Wednesday, 3 January 2007

Japan: Christmas hangings draw protest

Human rights activists have condemned the execution of four men in Japan on Christmas Day.

The four, including two men over seventy years of age, were hanged just days after Japan's Diet (parliament) closed for the year.

The men hanged on 25 December were:

  • Yoshimitsu Akiyama, 77 (Tokyo Detention Center)
  • Hiroaki Hidaka, 44 (Hiroshima Detention Center
  • Yoshio Fujinami, 75 (Tokyo Detention Center)
  • Michio Fukuoka, 64 (Osaka Detention Center)

Executions in Japan are usually timed to avoid parliamentary scrutiny and minimise publicity.

Under the country's execution procedures, a prisoner can spend decades on death row and be executed with little or no warning they are about to die. Their families are not notified until after the hangings have been carried out.

The executions were condemned in statements issued by the Diet Members' League Against the Death Penalty, the Japan Federation of Bar Associations,Amnesty International Japan, Forum 90 and other NGOs.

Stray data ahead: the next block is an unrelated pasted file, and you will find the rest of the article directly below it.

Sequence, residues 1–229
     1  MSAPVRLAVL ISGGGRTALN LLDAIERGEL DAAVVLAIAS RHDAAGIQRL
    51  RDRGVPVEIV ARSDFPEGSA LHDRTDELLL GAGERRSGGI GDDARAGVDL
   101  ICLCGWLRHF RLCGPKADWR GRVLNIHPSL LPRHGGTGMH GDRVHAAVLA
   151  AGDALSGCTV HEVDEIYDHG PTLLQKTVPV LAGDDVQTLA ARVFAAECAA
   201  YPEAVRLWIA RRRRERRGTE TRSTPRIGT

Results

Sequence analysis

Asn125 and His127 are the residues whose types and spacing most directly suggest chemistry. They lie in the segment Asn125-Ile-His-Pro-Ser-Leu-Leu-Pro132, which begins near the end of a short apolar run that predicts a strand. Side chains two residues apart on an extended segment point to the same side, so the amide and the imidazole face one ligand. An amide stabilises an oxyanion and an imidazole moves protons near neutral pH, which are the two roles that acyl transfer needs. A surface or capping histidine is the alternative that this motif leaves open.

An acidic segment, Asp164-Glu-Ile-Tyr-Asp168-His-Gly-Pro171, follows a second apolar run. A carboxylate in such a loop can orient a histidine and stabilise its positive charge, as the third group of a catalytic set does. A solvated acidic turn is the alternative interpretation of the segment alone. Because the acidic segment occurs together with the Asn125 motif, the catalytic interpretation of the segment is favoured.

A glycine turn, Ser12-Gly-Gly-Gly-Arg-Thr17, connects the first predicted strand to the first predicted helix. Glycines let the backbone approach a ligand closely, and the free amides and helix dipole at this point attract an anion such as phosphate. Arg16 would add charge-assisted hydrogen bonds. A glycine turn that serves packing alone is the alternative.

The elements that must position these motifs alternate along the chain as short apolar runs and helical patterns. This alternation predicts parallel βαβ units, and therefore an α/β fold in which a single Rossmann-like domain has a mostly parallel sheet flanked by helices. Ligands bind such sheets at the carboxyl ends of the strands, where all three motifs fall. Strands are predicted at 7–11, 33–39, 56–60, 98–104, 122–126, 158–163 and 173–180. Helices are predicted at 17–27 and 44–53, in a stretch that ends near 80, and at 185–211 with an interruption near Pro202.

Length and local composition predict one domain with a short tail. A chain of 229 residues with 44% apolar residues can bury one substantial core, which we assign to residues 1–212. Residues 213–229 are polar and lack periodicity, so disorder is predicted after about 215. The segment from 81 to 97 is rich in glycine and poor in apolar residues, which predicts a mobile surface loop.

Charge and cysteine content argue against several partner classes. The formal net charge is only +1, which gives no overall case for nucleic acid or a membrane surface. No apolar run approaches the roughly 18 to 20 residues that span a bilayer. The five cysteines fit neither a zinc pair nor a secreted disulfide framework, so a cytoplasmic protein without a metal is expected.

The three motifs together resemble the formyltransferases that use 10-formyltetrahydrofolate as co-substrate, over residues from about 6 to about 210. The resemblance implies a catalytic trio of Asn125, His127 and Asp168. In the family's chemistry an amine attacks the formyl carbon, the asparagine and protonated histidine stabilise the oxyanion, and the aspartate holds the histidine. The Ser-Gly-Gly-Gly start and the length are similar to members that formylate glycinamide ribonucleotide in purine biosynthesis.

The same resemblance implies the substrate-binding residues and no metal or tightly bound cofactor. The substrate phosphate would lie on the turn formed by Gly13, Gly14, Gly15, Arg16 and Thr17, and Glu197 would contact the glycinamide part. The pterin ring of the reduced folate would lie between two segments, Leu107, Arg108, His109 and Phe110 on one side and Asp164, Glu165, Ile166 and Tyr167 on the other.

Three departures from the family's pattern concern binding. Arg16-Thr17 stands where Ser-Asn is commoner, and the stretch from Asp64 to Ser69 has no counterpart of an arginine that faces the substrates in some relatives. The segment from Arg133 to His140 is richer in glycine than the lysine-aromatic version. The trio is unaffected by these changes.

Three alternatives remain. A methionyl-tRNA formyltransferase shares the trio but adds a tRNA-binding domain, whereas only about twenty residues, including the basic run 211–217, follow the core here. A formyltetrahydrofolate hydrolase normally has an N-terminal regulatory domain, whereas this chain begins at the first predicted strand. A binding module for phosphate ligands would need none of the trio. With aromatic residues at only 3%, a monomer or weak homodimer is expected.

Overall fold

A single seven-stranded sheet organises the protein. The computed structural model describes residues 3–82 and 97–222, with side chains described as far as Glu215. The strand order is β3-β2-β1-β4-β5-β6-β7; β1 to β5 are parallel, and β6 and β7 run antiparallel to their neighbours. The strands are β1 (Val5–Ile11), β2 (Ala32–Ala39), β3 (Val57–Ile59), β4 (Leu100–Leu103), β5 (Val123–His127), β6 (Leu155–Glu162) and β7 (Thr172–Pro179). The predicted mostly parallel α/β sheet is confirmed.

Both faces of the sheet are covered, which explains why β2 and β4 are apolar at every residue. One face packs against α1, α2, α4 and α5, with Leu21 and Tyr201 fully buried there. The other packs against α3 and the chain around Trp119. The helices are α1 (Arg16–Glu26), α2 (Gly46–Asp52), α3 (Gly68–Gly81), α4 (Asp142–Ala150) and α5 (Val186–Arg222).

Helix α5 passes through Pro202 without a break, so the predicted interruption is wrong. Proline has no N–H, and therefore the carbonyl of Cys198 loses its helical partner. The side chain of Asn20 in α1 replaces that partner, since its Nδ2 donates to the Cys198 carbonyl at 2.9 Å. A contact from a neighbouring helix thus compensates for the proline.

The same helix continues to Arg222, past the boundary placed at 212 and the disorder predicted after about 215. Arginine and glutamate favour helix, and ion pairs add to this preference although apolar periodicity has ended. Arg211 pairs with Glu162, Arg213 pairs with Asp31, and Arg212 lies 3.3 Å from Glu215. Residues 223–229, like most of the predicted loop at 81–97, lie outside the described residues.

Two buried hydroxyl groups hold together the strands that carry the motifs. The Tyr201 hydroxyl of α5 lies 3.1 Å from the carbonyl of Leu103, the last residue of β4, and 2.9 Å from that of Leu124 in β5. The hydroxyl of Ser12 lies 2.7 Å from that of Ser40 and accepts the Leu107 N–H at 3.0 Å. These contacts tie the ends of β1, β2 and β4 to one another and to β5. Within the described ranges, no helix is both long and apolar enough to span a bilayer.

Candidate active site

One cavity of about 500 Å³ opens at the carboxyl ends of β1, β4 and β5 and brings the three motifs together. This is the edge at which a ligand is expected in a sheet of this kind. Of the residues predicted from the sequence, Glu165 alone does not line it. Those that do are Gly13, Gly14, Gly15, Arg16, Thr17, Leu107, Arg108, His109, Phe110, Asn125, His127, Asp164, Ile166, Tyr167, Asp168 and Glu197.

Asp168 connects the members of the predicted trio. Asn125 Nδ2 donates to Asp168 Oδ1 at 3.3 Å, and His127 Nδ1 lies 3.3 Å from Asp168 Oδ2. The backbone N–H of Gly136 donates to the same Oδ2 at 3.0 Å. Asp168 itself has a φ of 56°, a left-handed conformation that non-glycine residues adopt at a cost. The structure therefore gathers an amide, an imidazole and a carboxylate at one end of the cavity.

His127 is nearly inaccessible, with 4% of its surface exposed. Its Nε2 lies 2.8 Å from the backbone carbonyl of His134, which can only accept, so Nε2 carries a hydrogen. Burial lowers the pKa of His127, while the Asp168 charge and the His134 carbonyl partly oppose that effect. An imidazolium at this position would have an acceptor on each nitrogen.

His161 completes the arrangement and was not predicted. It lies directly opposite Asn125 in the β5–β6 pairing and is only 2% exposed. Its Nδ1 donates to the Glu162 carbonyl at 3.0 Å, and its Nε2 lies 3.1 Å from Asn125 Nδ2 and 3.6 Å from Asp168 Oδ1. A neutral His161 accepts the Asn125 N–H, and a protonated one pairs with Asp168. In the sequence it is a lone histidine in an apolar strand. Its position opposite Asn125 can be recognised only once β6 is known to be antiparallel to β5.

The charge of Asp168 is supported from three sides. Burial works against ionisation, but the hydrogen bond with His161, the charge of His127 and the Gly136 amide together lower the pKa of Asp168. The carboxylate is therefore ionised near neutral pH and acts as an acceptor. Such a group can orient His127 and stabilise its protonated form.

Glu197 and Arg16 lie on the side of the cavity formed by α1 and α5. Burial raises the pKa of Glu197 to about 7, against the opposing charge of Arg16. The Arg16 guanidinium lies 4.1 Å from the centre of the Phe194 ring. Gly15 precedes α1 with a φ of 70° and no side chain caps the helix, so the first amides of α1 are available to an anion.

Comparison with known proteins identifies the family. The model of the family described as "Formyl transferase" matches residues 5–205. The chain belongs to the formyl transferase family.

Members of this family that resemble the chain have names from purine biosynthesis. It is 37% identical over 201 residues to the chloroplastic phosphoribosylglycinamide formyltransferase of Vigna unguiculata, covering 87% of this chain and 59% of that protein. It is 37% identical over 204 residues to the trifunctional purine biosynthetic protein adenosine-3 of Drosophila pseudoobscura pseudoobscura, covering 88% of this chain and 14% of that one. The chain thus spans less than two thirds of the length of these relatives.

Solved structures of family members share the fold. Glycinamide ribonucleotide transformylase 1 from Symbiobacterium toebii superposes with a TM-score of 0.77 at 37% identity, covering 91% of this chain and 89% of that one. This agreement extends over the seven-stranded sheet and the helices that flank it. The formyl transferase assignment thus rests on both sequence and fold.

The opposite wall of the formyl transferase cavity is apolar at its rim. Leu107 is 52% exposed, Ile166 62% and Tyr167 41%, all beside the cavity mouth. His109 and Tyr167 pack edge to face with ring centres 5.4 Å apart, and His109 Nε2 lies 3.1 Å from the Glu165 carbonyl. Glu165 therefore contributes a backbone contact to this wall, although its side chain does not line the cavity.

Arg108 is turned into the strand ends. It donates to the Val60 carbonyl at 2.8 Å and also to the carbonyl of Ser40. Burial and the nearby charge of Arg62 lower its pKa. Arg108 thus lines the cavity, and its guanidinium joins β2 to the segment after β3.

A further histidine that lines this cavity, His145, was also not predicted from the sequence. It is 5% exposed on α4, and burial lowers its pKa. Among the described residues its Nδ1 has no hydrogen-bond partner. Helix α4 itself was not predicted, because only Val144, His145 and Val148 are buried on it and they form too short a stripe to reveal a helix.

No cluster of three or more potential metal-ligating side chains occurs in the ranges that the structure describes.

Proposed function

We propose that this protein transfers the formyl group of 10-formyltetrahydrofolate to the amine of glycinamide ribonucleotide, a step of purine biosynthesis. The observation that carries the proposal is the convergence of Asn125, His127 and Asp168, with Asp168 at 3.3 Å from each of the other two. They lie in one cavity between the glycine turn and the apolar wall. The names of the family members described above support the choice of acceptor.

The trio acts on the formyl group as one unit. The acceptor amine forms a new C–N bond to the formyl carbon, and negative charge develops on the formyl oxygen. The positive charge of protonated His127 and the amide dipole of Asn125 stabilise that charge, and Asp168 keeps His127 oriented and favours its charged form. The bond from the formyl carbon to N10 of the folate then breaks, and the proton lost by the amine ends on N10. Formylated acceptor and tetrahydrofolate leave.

AFP reported that the Japan Federation of Bar Associations called for the suspension of the death penalty, saying innocent people could be killed and citing the international trend towards the abolition of the death penalty.

Justice Minister Jinen Nagase defended the hangings, saying the majority of Japanese people supported the death penalty.

"I am aware of various opinions on the issue, but nearly 80% of the people in this country have no objection to the existence of the death penalty," Justice Minister Jinen Nagase said.

"I don't have any plan to change the current justice system."

Protests encouraged

Japanese activists have called for people around the world to send messages of protest against the resumption of the death penalty.

Please send messages of protest to the Ministry of Justice at:

Justified fears

In December 2006, activists and lawyers said they were concerned the government would resume executions after the final parliamentary session for the year.

The country's new Justice Minister Jinen Nagase said after his appointment in September 2006 that he was prepared to sign execution orders, in contrast to his predecessor who did not approve any during his term in office.

Amnesty International and the Japan Federation of Bar Associations urged the government to suspend executions and take steps towards abolition of the death penalty.

Related stories:
Executions may resume in Japan -- 21 December, 2006
Long wait, sudden death in Japan -- 28 August, 2006
Japan: Lonely wait for the noose -- 5 April 2006
Japan's death row hell -- 3 March 2006

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